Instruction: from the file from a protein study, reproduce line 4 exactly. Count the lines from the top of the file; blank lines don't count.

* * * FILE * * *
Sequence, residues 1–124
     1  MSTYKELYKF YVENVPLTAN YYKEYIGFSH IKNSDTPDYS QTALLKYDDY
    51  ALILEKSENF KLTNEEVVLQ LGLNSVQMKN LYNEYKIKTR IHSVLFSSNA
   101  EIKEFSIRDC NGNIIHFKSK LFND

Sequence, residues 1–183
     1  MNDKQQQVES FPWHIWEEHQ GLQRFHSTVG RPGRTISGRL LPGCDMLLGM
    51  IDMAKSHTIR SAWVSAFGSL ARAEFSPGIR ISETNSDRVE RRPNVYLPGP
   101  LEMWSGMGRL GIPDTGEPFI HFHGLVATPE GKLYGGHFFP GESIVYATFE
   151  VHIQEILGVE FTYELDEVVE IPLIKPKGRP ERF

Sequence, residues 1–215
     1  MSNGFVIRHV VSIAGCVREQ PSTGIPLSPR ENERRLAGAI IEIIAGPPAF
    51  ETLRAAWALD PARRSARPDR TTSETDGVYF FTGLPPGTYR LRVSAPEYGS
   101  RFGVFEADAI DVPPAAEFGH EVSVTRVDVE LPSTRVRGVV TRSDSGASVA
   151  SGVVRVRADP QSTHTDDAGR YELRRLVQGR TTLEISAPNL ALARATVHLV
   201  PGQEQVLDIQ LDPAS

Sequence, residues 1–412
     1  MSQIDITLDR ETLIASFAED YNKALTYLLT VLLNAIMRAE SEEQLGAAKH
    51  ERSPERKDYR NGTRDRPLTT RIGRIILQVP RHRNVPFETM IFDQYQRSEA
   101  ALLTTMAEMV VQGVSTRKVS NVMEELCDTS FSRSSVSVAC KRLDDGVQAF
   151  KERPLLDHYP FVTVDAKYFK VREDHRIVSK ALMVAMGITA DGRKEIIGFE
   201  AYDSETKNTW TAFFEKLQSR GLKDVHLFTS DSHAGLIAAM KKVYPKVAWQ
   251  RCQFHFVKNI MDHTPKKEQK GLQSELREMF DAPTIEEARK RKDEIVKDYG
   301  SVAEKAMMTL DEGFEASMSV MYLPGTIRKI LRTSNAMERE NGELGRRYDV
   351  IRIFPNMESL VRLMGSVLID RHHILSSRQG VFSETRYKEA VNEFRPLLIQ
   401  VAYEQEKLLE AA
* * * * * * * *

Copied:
   101  EIKEFSIRDC NGNIIHFKSK LFND